Advocacy on behalf of individuals with serious mental illness is a significant part of our mission at the disAbility Law Center of Virginia. To support that mission, we monitor legislation that addresses mental health issues and we support those that advance individual rights. Where proposed legislation has a potential for negative impact on individuals with mental illness, we work to help policy makers understand that impact. We will oppose the legislation if we are not able to assist in improving it.
Here are some updates on some of the bills we are watching in two different areas, the Behavioral Health Commission and the Transfer of Custody in an ECO:
Behavioral Health Commission: One very important legislative proposal that we support is HB 1232 (Robinson), which adds to the membership of the Behavioral Health Commission two citizen members who have received mental health services in Virginia. This important addition to the Behavioral Health Commission will help to ensure that any legislative changes being considered take into account the impact on the people most directly affected. This Bill has passed out of the House Committee on Rules with a small annual cost, and was approved House Appropriations.
Emergency Custody Orders and Transfer of Custody: A number of bills address the desire of law enforcement to transfer custody of minors and adults after the execution of an emergency custody order (which is the very first “involuntary” stage in responding to someone who is in a crisis):
Four bills addressing ECO and the Transfer of Custody were filed in the House:
HB 135 (Cherry, Anderson) had language in it similar to Senator Peake’s SB 176, below. This bill passed out of the House Courts of Justice Committee but was tabled in House Appropriations.
HB 159 (Byron), and HB 1037 (Sewell) also address the transfer of custody of a person under an ECO. These two bills have not yet been heard in the House Courts of Justice Committee where they are assigned. However, the committee has addressed the issues raised in those bills already.
HB 163 (Ransone) is a comprehensive bill that addresses the transfer of custody of a person under an ECO, and addresses the potential that an individual might also need unrelated healthcare during that time. After several hours of discussion and a substitute filed, this bill passed out of subcommittee last week as an undrafted substitute. The substitute was then approved by the full House Courts of Justice committee yesterday. Importantly, the bill preserves all timelines in the involuntary treatment process; it does not extend any involuntary periods for the purpose of transferring custody or securing transportation.
Four of the Senate bills addressing ECOs and the Transfer of Custody have passed out of the Senate Committee on Education and Health: SB 650, SB 268, SB 593, and SB 682. The bills were heard in Senate Finance and Appropriations, HHR subcommittee, where the subcommittee proposed rolling all three of the bills together. This morning in Senate Finance, SB 682 (Deeds) and SB 650 (Hanger) were incorporated into SB 268 (Favola) and reported out 16-0. The three different concepts that are now in one bill are:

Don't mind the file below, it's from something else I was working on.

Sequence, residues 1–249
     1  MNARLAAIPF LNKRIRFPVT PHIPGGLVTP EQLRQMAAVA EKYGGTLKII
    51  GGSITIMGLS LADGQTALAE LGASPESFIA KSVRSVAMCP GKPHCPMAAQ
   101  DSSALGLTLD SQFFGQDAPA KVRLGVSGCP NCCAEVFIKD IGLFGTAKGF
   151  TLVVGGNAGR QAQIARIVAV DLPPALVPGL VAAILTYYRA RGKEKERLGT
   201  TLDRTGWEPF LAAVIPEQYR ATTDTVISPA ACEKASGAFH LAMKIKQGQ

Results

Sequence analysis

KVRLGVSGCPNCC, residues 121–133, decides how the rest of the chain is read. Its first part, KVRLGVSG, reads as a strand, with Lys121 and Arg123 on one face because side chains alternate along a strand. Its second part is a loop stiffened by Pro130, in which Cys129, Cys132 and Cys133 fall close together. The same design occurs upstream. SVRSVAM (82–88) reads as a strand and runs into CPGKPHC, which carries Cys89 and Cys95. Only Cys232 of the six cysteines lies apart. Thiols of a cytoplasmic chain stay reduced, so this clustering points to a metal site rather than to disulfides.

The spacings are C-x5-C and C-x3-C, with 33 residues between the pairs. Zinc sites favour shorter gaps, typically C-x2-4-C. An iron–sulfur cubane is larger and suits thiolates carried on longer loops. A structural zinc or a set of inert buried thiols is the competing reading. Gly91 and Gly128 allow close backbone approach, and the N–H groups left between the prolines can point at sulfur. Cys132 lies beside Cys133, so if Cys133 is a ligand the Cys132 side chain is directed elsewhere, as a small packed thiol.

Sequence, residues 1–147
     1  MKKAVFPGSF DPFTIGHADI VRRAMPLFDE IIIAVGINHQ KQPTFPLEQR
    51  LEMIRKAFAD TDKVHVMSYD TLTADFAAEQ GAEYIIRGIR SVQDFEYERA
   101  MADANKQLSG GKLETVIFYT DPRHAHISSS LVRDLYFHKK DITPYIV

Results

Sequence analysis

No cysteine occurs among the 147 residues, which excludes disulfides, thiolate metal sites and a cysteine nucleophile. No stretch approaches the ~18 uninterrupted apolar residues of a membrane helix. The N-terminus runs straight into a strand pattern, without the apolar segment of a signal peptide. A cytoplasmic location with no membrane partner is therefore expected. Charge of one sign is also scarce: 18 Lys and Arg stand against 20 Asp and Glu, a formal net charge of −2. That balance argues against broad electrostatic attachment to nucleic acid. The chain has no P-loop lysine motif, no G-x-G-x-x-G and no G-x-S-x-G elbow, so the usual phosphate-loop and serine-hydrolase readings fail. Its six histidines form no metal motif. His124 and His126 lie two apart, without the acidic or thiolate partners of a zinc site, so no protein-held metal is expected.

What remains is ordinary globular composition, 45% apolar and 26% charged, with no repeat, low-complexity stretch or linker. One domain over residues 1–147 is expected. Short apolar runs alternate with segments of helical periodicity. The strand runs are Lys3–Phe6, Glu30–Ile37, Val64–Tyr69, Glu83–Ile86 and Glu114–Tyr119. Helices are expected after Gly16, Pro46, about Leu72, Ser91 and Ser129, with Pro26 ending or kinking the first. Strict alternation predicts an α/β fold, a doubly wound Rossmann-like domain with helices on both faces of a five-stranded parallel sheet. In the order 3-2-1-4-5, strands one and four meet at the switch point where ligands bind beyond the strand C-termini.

SB 268 (Favola, Boysko) would require law enforcement to retain custody until such time as an evaluation can be conducted, but would make the identification of an alternative transportation provider a priority for the magistrate.
SB 682 (Deeds) allows a facility staff to accept custody of a person after the issuance of a temporary detention order if the facility has no available bed space
SB 650 (Hanger) allows the transfer to an alternative transportation provider immediately on identification of the provider. This bill also incorporated SB 176 (Peake).
An additional bill dealing with transfer of custody reported out of Finance this morning. SB 593 (Newman) would allow local law enforcement to create auxiliary police and allow immediate transfer of custody to auxiliary police or to an alternative transportation provider.
There is one more Senate bill addressing the transfer of custody, SB 713 (Deeds), and will also allow for an emergency custody order to be extended for 23 hours if there is an appropriate 23-hour unit available. This bill will be heard in Senate Judiciary, possibly on Wednesday, February 9th.
We strive to advance independence, choice and self-determination; protect legal, human and civil rights; and eliminate abuse, neglect and discrimination of people with disabilities, including those with mental illness, through zealous and uncompromising legal advocacy. Please continue to check back here for updates as the session proceeds, and let us know of any legislative proposals or budget issues that you think we should be following. Contact us at email@example.com or by calling 1-800-552-3962 or 804-225-2042.